Michael Ruse has a good piece this week in the Huffington Post on the Catholic Church. In it he describes that after a period of strong, perhaps (English) cultural disdain for Catholicism, he grew to respect the Church, if only for the many great minds it produced. But the latest scandal, and the revelations (going back many decades) that are coming out, have him rethinking his respect for this institution.
I read Ruse a few years ago in my MA Philosophy days and even exchanged a couple emails with him at a time when he was being attacked (I thought wrongfully) by “New Atheists.” I recall appreciating his gentle approach to religion, while strongly attacking Intelligent Design in Darwinism and its Discontents and The Evolution-Creation Struggle. While carrying the heavy intellectual stick of the philosopher, Ruse has a great skill as a historian in his ability to step aside and let a great story unfold.
While I haven’t followed the current scandal particularly closely, I do find myself agreeing at the present with Ruse when he says,
“Let me say at once that, unlike Dawkins, I don’t necessarily want to see this as the end of religion or even of the Catholic Church in some form. I stress that although I cannot share the beliefs of Christians, I respect them and applaud the good that is done in the name of their founder. But I do now think that as presently constituted, the Catholic Church is corrupt and should be eradicated.”
While not wishing to get embroiled in the drama – read Ruse and the letter he cites – I do feel it incumbent upon me to voice an agreement with those words.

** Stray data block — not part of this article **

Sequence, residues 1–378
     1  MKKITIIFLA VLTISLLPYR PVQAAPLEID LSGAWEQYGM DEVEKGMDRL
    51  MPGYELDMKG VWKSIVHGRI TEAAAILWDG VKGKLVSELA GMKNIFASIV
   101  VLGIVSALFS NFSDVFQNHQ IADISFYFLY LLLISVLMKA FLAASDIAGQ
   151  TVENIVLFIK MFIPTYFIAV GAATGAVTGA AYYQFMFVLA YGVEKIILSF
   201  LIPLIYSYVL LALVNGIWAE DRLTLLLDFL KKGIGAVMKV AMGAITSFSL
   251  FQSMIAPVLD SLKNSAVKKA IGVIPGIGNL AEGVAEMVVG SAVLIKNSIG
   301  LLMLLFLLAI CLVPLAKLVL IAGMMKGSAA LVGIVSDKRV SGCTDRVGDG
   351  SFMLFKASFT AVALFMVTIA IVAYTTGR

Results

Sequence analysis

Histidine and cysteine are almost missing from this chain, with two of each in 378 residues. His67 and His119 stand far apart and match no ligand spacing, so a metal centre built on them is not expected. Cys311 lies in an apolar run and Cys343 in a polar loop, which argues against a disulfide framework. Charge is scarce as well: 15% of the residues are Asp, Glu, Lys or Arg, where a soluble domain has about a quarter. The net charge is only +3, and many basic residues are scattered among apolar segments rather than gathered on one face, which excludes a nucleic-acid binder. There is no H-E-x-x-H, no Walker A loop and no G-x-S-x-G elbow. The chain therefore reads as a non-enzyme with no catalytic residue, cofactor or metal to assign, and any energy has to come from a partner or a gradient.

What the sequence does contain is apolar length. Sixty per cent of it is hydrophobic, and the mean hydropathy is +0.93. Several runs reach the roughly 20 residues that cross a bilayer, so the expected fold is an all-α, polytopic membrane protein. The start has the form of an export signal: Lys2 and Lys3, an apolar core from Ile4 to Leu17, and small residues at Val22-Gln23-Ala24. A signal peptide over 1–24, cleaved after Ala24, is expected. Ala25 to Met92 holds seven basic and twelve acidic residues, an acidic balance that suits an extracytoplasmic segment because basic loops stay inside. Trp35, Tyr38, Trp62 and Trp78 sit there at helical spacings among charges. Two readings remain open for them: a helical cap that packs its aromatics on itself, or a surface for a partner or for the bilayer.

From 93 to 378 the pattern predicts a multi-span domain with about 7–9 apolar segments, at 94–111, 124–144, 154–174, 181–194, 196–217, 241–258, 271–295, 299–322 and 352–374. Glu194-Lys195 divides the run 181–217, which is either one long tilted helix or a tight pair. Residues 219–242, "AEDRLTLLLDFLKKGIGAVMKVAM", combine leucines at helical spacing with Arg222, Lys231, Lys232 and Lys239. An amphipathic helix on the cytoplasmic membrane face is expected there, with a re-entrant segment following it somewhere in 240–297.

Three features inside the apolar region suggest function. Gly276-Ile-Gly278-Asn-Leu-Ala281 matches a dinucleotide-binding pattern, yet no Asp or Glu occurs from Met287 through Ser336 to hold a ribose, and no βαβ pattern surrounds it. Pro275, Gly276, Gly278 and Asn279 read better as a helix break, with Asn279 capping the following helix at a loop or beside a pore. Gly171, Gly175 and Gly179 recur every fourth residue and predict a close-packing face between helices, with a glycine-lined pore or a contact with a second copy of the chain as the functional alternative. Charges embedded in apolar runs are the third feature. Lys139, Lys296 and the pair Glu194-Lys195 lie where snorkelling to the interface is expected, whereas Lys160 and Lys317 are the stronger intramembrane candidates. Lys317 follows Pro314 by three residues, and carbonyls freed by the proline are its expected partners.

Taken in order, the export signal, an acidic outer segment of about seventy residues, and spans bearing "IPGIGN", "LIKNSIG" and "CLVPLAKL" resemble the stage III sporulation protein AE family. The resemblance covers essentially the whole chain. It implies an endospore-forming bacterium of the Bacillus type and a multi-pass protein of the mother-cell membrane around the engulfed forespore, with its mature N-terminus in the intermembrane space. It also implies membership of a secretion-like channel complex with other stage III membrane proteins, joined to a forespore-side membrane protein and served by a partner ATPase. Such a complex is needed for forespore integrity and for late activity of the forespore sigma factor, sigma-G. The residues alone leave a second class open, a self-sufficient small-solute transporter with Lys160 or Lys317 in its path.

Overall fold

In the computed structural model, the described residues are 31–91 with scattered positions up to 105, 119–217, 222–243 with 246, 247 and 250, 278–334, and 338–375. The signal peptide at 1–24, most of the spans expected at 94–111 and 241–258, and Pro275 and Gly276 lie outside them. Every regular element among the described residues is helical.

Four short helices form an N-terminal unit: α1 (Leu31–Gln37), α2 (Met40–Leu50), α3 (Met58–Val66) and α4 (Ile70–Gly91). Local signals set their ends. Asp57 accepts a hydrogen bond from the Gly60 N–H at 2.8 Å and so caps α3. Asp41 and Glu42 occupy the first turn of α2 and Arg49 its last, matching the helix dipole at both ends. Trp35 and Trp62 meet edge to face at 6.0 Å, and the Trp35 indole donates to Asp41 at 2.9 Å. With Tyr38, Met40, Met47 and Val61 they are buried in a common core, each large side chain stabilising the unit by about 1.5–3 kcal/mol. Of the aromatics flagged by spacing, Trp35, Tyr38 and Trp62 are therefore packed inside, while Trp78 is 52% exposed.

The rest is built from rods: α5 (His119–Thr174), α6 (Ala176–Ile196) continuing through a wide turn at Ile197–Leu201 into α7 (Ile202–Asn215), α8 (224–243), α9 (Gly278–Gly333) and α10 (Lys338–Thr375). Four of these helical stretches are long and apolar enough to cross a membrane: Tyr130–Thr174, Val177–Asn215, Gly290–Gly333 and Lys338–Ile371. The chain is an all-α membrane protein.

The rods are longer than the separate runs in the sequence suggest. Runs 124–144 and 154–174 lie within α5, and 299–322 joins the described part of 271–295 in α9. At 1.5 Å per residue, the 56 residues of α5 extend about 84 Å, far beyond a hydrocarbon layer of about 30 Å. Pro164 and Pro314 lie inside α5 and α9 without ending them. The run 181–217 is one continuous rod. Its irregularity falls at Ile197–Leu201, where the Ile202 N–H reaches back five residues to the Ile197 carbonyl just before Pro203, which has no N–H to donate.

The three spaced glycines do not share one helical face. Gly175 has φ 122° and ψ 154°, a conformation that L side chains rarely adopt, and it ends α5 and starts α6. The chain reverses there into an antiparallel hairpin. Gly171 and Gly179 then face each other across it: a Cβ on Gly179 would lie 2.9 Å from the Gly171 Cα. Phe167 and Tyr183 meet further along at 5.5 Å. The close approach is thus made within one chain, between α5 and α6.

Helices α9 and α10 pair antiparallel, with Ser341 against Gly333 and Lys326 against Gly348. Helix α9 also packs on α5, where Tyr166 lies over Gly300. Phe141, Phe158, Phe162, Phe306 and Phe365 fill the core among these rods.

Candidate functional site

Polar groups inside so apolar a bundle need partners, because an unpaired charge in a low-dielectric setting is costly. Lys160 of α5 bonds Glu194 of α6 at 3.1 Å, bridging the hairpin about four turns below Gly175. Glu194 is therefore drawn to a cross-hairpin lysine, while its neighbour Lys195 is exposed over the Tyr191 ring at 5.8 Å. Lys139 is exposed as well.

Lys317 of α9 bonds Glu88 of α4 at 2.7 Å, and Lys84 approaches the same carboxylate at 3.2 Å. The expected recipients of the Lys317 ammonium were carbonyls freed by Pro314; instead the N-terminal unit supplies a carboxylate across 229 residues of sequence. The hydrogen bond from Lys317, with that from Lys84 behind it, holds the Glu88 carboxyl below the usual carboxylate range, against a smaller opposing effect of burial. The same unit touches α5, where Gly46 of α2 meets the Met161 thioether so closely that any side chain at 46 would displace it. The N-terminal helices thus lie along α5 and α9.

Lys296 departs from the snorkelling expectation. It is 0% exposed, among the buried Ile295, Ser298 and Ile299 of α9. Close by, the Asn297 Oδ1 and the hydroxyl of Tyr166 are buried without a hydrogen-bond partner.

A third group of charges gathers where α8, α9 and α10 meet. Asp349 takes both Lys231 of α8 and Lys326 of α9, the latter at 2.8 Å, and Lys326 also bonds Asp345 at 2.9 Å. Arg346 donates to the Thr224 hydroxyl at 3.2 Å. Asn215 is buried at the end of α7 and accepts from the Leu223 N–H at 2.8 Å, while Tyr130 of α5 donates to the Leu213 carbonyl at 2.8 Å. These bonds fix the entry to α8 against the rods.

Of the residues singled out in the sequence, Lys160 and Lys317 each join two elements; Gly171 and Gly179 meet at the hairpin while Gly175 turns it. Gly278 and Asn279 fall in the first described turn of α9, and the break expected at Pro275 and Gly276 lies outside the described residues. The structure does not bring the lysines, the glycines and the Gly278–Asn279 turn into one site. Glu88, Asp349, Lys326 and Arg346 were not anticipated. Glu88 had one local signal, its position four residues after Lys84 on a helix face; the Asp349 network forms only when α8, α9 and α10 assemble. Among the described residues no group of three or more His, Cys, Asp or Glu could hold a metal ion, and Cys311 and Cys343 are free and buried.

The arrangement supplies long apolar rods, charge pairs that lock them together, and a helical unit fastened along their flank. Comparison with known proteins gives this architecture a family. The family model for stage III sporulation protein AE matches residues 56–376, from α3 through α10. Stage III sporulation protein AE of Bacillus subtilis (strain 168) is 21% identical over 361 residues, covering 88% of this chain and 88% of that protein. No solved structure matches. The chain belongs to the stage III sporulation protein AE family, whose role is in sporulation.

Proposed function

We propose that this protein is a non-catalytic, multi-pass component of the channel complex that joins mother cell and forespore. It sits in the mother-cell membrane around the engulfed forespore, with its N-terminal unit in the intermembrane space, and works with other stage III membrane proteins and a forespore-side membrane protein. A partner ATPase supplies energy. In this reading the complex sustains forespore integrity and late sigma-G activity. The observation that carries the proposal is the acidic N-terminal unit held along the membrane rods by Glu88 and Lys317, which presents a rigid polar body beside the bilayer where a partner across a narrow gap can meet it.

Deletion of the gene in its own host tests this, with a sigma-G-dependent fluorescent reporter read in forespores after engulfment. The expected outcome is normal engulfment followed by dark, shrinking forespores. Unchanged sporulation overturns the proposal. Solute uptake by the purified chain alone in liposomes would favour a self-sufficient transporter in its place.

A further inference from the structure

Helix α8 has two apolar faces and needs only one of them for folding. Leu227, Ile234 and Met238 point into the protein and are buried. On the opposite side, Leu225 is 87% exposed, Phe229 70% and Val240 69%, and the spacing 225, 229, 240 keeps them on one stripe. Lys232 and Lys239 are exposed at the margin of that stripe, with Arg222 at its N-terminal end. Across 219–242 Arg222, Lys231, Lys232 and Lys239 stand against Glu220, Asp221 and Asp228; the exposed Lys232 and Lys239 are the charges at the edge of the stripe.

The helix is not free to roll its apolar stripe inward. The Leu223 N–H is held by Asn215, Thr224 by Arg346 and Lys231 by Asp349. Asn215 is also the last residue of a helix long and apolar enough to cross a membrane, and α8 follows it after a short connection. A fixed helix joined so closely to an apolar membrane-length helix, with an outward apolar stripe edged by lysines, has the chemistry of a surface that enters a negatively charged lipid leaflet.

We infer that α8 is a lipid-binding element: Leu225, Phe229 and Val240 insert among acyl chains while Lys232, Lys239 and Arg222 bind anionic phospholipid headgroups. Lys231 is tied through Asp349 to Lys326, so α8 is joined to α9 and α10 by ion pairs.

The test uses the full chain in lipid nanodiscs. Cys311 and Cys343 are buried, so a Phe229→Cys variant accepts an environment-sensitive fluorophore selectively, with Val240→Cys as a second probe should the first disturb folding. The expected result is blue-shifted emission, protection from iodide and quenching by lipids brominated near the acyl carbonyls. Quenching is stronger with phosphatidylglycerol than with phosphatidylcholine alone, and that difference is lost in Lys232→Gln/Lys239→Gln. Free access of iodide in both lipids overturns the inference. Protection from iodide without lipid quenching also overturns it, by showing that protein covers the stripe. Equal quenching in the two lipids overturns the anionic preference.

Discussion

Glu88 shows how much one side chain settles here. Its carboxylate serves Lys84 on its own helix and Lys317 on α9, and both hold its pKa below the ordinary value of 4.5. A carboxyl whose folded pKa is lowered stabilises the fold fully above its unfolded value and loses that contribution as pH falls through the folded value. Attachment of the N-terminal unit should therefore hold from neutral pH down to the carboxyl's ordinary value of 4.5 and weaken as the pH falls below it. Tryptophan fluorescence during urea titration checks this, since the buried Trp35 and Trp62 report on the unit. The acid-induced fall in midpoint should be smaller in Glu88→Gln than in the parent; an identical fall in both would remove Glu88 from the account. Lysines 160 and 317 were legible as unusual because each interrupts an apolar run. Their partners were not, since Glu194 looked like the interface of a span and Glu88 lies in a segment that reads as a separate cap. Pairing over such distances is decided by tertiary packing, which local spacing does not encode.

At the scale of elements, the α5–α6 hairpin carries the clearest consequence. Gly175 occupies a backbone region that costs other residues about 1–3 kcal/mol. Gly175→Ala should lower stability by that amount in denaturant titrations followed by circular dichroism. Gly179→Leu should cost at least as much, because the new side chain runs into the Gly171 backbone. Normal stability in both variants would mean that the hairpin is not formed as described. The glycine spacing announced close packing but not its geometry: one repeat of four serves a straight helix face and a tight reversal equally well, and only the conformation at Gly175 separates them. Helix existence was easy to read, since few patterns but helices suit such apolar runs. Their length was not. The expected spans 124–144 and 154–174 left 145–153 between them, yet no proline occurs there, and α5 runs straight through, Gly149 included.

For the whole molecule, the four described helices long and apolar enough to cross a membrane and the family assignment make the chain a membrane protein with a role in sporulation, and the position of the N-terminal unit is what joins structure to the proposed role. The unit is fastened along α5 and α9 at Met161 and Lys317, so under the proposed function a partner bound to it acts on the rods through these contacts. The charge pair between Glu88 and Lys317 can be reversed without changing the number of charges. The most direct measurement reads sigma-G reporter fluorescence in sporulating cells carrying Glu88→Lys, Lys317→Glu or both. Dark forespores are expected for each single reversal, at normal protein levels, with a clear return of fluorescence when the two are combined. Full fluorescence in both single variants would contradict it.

I still consider myself a bit Catholic, by birth and upbringing, and I know that the Church is a huge, broad organization. Like Ruse I am humbled by many of its greatest minds. And I know it could not be without a great depth of spirit and produce a man like Father Thomas Merton. But I also know that the current Mertons in the church are hard to come by, they are out there and doing wonderful things for their communities, but too often they are kept silent by conservative structures that harm the church and everyone near it.
Glad to have ‘jumped ship’ years ago on Catholic practice, into some strange amalgam of Buddhism and academia, I now watch much of this from the sidelines. Yet I know that many within the church are struggling. I hope that each of them can find a healing and fulfilling path through or out of this.
Update: James over at The Buddhist Blog has a very interesting post today that is worthy of addition here:
I may be wrong on this but it seems rare to hear of a sexual abuse scandal in the Buddhist world but there has been one brewing for some time now in the American Zen circle:
“This article, among other revelations, presents a face of Zen not ordinarily visible to the general public. That is, how well known Zen rōshis and leading Zen figures spoke and acted; or failed to speak and act, in the face of deeply troubling allegations and really severe problems. Thereby, the article also points to the underlying interests of these rōshis.
Interesting questions arise as to the extent to which this mirrors the Catholic scandal. To me it seems almost identical, though on a smaller scale. The Buddhist Channel, which first reported on this last week, links to a letter eerily similar to the one discussed above by Ruse. The Wikipedia article on Shimano claims that:
In 2004 Eido Shimano Roshi received the prestigious Buddhism Transmission Award from the Japan-based Bukkyo Dendo Kyokai Foundation given to individuals who have made a significant impact on the dissemination of Buddhism in the West; this same organization produced a two part TV documentary on Eido Shimano Roshi and Dai Bosatsu Zendo Kongo-Ji.
So we have the same institutional failure to act and indeed a promotion (though not all within the same institution, a marked difference between the two cases). As James says, this is serious. And, just like the Catholic scandal(s), we hope that the victims can find peace.